Speech isn't going well.

Discussion in 'General Parenting' started by Jamieh, Apr 27, 2013.

  1. Jamieh

    Jamieh New Member

    My youngest son is almost 4 and has Apraxia. He has speech weekly but has always struggled with doing it. He will have 1 good session then like 3 bad ones. He will either cry or refuse to participate. His therapist even started coming to our house instead of me taking him to the clinic. I feel so bad for his ST. She is so sweet but says that she has never had a case like him. She said he's textbook apraxia but she doesn't really know how to help him because he isn't able to do the therapy he needs. He has been in speech since before he was 2. I'm just kind of discouraged and it stinks. I want so bad for him to do well and participate in therapy but I can't make him do it. He has to decide that. I have tried everything. He is starting to pick up some new words and we get so excited when we hear new sounds and words. He just learned to say 'No' in the last week. It's so awesome to hear him respond with something other than grunts. His ST says that he needs 3-4 sessions a week but our insurance will not cover it. He gets speech thru the school system at the dev. preschool he attends. so he is getting 2 sessions right now from 2 separate therapists. Any ideas of stuff I can do with him at home? I don't think his therapist is going to continue to see him. we may be moving to a diff clinic or trying to find funding to get him more help. Our insurance has denied all coverage because he does not have Autism. I had a hard time keeping myself from crying when I talked to his therapist. I feel like it's always something with- both of my boys.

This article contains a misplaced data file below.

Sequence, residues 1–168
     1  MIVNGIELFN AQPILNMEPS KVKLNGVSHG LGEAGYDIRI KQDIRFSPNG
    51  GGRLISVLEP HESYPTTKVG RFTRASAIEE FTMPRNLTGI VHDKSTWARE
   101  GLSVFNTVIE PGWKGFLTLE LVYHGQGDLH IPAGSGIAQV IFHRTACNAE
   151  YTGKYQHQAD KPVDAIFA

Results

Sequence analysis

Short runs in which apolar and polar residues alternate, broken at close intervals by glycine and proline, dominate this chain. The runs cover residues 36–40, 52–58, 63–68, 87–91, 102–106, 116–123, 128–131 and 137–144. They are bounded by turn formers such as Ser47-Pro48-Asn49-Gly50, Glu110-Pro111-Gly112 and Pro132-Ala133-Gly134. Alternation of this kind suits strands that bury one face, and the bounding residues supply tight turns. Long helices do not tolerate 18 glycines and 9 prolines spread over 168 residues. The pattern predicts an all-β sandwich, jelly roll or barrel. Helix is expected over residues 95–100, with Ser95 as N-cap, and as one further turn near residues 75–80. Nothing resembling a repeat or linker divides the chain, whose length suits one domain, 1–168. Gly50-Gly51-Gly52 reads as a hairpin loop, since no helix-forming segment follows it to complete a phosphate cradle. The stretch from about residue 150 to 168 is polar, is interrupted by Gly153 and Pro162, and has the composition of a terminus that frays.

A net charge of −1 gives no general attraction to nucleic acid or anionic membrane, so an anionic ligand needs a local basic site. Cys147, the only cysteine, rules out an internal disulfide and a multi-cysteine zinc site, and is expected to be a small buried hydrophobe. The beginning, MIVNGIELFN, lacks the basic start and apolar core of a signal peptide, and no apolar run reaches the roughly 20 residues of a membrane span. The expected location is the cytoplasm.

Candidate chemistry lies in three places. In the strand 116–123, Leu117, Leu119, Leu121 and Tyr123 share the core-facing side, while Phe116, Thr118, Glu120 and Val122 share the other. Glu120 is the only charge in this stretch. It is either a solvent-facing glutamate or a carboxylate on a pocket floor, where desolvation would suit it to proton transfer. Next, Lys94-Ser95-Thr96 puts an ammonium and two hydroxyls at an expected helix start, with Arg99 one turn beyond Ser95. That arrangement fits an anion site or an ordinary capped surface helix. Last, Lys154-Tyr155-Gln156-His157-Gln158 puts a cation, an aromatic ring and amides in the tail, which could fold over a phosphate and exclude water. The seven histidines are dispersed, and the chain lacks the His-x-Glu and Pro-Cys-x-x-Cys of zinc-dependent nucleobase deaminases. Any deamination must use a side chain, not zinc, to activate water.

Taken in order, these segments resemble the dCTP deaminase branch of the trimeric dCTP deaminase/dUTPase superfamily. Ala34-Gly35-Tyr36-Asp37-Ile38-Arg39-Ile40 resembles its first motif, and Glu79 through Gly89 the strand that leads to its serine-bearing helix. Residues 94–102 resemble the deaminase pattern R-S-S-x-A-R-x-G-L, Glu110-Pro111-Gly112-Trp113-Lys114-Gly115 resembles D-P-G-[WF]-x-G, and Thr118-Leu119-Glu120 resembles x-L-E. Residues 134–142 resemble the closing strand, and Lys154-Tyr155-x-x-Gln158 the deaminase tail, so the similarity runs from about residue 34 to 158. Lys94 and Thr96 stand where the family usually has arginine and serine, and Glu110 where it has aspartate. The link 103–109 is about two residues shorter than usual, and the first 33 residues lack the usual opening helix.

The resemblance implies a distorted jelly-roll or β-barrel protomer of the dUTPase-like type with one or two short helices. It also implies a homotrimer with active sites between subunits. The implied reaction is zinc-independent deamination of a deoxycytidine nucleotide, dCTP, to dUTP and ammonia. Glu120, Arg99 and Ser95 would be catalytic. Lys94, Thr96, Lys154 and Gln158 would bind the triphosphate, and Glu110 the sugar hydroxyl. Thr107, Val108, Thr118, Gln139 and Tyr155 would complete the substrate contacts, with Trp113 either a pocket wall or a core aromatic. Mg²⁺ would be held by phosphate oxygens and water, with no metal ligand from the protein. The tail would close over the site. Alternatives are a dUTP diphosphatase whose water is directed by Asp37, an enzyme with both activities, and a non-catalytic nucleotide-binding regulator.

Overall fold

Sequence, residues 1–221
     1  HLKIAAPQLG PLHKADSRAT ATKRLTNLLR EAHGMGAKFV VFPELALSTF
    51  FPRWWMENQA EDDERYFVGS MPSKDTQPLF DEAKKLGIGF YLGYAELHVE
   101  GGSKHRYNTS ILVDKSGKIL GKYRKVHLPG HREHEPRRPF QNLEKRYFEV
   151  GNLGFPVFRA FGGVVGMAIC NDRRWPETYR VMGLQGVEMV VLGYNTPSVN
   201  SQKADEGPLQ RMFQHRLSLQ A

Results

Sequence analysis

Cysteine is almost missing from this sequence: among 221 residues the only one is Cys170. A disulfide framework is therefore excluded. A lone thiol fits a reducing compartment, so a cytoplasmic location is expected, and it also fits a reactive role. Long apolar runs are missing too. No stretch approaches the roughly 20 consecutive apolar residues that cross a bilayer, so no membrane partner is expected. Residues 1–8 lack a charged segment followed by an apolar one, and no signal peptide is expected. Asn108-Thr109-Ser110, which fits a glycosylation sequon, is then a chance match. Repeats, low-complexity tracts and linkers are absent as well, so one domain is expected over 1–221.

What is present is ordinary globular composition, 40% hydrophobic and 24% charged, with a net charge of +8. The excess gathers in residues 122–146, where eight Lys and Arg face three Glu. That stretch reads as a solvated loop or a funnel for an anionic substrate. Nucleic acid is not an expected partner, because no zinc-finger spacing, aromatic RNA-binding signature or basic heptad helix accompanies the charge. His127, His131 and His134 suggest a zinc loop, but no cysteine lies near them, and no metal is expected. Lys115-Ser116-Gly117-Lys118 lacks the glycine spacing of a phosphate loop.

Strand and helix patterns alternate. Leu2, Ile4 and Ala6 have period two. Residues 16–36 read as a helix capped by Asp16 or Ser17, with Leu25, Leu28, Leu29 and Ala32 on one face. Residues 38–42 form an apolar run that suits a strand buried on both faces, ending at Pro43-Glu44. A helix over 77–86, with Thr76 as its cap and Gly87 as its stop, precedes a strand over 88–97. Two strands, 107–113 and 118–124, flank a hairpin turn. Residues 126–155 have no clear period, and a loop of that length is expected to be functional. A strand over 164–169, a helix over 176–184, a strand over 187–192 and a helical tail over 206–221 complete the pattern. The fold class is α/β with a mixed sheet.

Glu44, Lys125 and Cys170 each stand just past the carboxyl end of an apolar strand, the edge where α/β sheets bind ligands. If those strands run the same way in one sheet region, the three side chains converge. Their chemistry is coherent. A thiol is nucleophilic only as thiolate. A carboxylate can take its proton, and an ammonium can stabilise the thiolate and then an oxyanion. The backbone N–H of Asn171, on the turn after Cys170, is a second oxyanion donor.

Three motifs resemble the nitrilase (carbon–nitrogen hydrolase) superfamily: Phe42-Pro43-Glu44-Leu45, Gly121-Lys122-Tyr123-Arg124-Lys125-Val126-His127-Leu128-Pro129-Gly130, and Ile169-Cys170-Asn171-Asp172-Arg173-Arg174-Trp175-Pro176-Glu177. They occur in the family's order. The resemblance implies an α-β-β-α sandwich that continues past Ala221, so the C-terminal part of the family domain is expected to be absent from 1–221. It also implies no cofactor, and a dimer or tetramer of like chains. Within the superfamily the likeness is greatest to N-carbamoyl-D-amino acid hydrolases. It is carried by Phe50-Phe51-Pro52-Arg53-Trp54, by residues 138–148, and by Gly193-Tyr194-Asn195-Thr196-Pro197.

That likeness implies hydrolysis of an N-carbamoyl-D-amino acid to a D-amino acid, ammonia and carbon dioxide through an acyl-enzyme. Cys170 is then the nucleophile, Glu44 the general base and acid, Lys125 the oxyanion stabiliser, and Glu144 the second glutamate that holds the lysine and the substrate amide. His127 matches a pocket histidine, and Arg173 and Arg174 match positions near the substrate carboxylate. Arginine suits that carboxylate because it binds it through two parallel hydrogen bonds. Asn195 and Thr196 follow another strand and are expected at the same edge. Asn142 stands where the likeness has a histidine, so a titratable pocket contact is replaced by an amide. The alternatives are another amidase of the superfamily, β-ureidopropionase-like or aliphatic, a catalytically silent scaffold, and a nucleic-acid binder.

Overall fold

2. buddy

    buddy New Member

    Can you describe what kinds of activities she is having him do?

    Is she in a clinic with Occupational Therapist (OT)/pt equipment?

    I tend to work with little ones using their choice of play...sand, playdough, swings, spinning.....

    Any media where you can repeat sounds. (pouring sand in a cup then pat it, you can say a syllable or word...pa pa pa...then do it again...they typically will start to do similar) I have never ever worked with flashcards or formal tasks like that through kindergarten (or developmentally that age)


    Now, if he is unable to play, imitate, etc..at all.....then I would get to a neuropsychologist and see if there may be a bigger issue going on.

    Does he try to communicate in a wide.variety of ways?...., requesting things, showing you things, does he come to you and join in with things you show (like pointing out a window at a plane...will he come and make airplane noises with you?)

    Maybe the therapist can do sessions with you to show what to do during the week, then you can grab times he is cooperative and do what is suggested.

    I know out is hard.

    This Speech Language Pathologist (SLP) may be great but not great for you. Q has had many of those.
     
  3. SomewhereOutThere

    SomewhereOutThere Well-Known Member

    Apraxia happens for a reason. Are you positive 100% that he doesn't have autism? Who diagnosed him?
    If so, what else do you think is going on?